Graduation Year


Document Type




Degree Granting Department


Major Professor

Nancy Y. Romero-Daza


The goal of this study is to explore specialized and popular cultural models of trachoma, and the interaction between the trachoma elimination program and its target audience in one trachoma hyper-endemic intervention community. Eighty four million people worldwide, mainly children, are infected with active bacterial trachoma. For some, this will lead to painful and progressive corneal opacity and eventual blindness. The disease is most commonly spread by person-to-person contact or by flies, and affects very specific populations living in resource-poor areas such as rural Niger, which has one of the highest prevalence rates worldwide.

The World Health Organization formed an alliance that is working toward the goal of eliminating blinding trachoma globally by 2020 through a strategy that includes behavior change communication, drug distribution, and surgery. The elimination program has been at work in Niger since the late 1990's. Trachoma prevalence in Niger showed a dramatic reduction during the beginning of the elimination program. However, disease prevalence has again increased and, at the time of this study, was nearing pre-intervention levels.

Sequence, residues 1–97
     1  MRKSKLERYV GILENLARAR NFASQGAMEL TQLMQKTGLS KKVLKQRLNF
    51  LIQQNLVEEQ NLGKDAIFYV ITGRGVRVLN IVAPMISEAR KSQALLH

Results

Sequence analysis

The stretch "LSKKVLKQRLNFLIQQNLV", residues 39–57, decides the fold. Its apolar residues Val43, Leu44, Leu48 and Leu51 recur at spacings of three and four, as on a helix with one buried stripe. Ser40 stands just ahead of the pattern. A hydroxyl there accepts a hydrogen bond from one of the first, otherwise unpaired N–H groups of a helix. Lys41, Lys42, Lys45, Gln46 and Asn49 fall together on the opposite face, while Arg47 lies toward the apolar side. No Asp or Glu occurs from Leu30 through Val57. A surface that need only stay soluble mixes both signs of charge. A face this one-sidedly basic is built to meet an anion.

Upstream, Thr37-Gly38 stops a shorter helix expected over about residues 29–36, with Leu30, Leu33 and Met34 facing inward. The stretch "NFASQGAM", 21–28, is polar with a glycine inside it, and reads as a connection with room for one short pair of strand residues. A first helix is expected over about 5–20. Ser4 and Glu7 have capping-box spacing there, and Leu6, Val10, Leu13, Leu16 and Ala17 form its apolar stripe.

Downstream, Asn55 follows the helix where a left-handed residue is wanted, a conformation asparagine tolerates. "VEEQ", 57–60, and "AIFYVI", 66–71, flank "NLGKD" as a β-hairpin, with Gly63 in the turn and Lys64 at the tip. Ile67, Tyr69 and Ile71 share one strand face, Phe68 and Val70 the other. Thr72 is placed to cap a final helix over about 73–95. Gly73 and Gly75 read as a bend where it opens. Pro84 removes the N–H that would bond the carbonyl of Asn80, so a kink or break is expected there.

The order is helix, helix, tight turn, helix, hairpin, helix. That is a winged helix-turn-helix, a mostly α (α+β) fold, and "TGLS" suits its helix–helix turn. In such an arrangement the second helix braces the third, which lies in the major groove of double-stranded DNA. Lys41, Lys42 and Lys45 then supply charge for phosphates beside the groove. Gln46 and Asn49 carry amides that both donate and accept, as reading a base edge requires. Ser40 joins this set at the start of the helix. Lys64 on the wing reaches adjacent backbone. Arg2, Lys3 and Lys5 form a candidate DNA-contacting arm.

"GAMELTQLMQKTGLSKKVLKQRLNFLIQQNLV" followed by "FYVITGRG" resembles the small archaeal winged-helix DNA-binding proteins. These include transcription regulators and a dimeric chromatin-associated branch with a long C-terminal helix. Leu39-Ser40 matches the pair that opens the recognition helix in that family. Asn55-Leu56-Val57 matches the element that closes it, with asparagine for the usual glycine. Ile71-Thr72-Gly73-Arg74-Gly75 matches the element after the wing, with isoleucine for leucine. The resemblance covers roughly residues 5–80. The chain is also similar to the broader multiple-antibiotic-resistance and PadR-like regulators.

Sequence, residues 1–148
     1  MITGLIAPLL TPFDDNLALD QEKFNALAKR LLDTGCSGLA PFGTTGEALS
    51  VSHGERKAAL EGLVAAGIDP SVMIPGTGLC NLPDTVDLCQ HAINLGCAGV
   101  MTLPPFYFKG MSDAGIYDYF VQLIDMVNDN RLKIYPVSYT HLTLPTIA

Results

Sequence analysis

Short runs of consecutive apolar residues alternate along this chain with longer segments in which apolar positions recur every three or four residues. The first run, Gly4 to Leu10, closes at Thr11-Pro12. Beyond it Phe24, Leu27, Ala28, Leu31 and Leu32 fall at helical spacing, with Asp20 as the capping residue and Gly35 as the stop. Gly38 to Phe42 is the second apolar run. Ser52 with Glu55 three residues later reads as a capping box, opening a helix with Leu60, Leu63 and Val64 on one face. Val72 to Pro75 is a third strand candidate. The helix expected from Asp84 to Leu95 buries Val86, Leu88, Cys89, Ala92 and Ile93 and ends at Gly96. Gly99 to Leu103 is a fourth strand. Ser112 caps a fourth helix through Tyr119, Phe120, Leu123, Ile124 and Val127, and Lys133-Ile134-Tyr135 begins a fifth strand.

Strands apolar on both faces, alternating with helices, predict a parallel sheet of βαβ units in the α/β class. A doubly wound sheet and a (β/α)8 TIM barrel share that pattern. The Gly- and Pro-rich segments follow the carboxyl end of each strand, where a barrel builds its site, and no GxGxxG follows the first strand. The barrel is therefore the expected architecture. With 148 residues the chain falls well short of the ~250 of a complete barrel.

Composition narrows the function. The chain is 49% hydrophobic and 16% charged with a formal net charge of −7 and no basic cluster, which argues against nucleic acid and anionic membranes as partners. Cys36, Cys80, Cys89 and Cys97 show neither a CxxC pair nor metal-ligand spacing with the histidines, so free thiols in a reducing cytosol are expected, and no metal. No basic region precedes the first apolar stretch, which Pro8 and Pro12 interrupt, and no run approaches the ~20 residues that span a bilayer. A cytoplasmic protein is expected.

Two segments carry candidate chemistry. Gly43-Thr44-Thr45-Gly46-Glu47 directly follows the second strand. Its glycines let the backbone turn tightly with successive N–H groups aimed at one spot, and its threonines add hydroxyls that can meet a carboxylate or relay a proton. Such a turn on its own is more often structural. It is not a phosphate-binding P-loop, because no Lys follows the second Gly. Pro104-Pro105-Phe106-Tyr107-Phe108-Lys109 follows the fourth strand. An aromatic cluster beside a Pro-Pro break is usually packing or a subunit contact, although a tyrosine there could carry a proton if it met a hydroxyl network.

While poverty is closely related to trachoma, the processes by which this economic state becomes translated into health impacts are complex, but rely on behaviors that are directly linked to disease transmission, prevention, and progression. From a social science perspective, these health behaviors can be studied by exploring the influence of both macro- (economics, structural, political), and micro- (cultural, cognitive, meaning-related) level factors. Cultural models are useful in examining the human relationship with infectious disease and how health-related decisions are made. These shared representations are drawn upon to negotiate well-being and disease, and are impacted by the introduction of new ideas or experiences.

This study investigates cultural models of illness and the impact of the trachoma elimination program in one high-prevalence community in rural southern Niger. Using an ethnographic approach, which includes observation, in-depth interviews, and household surveys, data were gathered describing popular representations of the program and the disease in the research community.

The main findings of this study show that the biomedical model of trachoma supported by the elimination program, amadari, has entered popular knowledge. However, this cultural model is not regularly applied to eye disease actually experienced by study households, which is seen to fit in the more general and more natural category of ciwon ido. Although the new treatments introduced for trachoma have been embraced by the intervention community, the use of the treatments has been modified to fit within popular representations of illness.